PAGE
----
In his latest study – which was recently published online in Applied and Environmental Microbiology – Schmidt and now-retired MUSC microbiologists Hubert H. Attaway and Sarah E. Fairey looked at more than 60 beds in the intensive care unit at Highpoint Health in Indiana over the course of a year. 

“From a microbial perspective, the bed is the most significant object in the hospital room,” he said. “The patient’s in it. People come in and sit down on it. It’s a bacterial playground.”

This study builds upon his findings from a key 2008 study where he and his team were able to cut the rate of HAIs by 58% using copper on key areas of beds. This more comprehensive study leaves him convinced that a completely copper-encapsulated bed would protect patients even better. 

Rarely is good data a bad thing, but Schmidt and his colleagues wondered if their findings might be viewed as too good to be true. 

“Honestly, it would have been to our advantage if we only lowered it by 10%. People would have believed it more. It sounds weird, but in a way we were actually too successful.”

But the Department of Defense, which funded the original study, enlisted the help of the Library of Congress and Environmental Protection Agency to review all the data and together they determined their science was sound. 

But now begins the harder part: getting the buy-in from the health care industry at large.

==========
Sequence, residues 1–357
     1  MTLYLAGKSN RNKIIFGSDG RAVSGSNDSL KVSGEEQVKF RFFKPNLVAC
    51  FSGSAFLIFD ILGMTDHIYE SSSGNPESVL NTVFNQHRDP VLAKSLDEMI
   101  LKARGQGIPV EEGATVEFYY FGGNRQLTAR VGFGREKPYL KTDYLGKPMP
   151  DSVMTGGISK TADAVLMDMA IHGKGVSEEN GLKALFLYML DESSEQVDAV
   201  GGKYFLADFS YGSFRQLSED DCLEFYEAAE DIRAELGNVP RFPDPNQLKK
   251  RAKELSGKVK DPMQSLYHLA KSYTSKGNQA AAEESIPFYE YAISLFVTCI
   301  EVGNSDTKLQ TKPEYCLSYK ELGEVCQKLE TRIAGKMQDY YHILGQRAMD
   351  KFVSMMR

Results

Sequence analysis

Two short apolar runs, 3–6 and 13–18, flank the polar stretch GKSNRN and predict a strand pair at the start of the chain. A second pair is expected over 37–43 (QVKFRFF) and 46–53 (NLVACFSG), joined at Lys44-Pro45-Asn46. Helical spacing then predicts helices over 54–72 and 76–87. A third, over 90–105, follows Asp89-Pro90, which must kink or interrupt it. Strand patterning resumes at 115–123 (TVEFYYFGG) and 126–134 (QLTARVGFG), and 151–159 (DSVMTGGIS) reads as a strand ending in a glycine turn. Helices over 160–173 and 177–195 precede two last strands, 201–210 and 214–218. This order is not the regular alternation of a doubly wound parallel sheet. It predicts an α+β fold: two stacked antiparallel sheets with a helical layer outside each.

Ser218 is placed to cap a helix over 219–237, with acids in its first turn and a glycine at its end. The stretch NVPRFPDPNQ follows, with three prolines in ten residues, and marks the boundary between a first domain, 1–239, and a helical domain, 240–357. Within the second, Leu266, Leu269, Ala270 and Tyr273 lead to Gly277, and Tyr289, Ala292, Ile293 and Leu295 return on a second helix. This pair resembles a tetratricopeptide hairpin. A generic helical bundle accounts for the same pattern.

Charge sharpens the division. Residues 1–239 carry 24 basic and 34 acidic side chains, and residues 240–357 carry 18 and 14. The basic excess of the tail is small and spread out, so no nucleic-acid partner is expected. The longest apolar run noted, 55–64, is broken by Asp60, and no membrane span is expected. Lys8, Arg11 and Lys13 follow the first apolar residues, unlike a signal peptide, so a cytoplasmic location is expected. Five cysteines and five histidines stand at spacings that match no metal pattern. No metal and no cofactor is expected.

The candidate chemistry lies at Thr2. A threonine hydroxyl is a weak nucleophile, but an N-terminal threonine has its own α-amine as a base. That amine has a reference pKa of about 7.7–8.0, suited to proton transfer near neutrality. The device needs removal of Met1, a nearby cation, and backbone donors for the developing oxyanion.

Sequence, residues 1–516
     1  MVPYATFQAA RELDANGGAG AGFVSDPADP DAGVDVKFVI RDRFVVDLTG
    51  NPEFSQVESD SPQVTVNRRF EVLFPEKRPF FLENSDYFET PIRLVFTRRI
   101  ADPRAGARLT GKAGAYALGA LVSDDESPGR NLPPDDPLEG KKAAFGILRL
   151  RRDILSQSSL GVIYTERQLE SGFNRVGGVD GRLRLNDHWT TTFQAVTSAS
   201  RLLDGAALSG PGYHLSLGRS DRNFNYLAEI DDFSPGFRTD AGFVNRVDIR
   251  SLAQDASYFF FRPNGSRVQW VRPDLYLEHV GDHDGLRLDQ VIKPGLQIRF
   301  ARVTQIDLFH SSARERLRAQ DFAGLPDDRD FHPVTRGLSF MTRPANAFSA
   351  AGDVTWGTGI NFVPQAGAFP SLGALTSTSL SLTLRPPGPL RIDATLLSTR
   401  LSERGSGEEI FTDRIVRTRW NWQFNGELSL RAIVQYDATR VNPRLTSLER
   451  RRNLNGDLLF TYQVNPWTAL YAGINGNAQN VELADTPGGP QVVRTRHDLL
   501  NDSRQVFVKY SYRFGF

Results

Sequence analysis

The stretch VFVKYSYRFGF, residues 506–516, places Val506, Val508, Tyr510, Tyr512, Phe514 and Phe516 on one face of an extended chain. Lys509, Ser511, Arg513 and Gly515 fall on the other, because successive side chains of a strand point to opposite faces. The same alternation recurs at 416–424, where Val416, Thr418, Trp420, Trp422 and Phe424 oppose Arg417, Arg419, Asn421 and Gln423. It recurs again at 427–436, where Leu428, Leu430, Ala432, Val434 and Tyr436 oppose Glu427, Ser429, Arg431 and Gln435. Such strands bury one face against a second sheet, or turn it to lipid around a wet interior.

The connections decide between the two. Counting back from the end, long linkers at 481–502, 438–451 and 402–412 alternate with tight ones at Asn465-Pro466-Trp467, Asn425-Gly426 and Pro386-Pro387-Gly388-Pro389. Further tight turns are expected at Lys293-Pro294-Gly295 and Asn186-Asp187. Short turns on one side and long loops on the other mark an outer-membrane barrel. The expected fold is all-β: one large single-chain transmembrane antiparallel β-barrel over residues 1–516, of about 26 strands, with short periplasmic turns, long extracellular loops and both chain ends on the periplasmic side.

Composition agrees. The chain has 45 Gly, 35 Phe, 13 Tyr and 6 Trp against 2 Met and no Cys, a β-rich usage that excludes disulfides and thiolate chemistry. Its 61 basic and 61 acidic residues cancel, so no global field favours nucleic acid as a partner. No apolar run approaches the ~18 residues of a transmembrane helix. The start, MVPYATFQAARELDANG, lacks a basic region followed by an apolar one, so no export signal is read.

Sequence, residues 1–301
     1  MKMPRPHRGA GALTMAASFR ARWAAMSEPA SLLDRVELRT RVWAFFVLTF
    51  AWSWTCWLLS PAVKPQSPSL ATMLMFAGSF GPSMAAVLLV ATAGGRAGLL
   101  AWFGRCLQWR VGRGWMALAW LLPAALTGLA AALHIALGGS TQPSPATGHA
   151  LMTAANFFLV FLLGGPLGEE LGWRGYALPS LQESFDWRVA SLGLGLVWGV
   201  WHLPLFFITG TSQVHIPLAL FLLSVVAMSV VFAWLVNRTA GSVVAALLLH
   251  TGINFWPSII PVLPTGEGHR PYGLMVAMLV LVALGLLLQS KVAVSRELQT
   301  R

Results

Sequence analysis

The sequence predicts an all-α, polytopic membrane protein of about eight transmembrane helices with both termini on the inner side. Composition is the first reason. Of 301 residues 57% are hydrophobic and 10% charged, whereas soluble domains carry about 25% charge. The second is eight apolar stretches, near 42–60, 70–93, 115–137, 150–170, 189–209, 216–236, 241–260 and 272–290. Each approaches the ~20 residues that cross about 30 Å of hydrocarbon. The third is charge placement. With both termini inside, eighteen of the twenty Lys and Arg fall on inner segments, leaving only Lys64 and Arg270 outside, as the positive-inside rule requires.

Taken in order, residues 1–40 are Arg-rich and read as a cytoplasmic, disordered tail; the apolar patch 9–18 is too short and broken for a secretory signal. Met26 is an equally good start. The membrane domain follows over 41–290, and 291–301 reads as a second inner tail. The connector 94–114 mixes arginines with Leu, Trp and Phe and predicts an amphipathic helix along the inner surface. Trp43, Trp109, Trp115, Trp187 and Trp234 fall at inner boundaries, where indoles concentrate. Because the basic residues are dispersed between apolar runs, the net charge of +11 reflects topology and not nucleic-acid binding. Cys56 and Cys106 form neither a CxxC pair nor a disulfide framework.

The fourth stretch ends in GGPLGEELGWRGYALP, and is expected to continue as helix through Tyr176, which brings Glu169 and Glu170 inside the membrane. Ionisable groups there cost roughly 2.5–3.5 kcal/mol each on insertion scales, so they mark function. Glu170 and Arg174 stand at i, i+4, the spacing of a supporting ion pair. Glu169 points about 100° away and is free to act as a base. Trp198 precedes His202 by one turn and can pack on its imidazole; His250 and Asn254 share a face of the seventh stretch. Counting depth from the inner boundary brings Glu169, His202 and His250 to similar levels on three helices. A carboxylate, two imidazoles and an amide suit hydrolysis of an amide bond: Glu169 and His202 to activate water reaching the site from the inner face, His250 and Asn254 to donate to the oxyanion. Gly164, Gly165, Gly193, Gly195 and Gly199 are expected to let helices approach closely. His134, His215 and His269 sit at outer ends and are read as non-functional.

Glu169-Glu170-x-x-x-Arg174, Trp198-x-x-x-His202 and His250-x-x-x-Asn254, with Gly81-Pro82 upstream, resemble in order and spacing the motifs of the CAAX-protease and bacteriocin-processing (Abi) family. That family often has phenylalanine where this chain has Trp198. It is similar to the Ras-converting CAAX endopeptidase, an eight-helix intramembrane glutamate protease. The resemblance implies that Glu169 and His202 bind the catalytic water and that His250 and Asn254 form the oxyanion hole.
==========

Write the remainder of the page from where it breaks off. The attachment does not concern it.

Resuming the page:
“The dirty little secret of hospital beds is they cost more than a Mercedes,” Schmidt said. “Getting facilities to buy new ones is a tough ask.” 

Hospital bed retrofitted with copper coating 
Bed Techs figured out a way to coat an entire hospital bed with 12 microns of copper, which is thick enough to maintain the bacteria-fighting characteristics of the metal. Provided by Bed Techs.

But at one of Schmidt’s many international talks on copper’s benefits, which include a TEDx talk on the subject, one of the owners of Bed Techs, a bed refurbishing company, heard him speak and was immediately sold. The owner then went back to his engineers and asked them to figure out a way to make a copper spray 12 microns thick – enough to maintain the benefits of copper – that could be used to coat the beds. That way, he thought, hospitals wouldn’t have to buy brand new beds. For around $2,000 apiece, a fraction of the cost of a new bed, Bed Techs could copperize them. 

According to Schmidt, the typical lifespan of a hospital bed is about 10 years. With that timeframe in mind, to copper retrofit a bed would cost a hospital around $1 a day, per bed. According to the NIH, just one HAI costs a hospital approximately $43,000. The average room will have upward of five infections per year. That means that for a few hundred bucks each year the hospital is preventing over $200,000 in incurred costs. Just in that one room.

“So now we wait and see if folks start lining up,” he said. He knows the medical industry can sometimes be slow or even resistant to change, but he’s buoyed by some initial sales of the manufacturer’s refurbished copper beds.

“The trick was in how to apply it,” Schmidt said. “But they figured out how to make it stick. Now, when it’s on there, it’s as good as the original God-fearing metal.”

Schmidt said he’s hopeful that this trend – one roughly 4,000 years in the making – is finally about to catch on. 

“I really do think this is a game changer,” he said. “And it’s just a matter of time before others get on board.”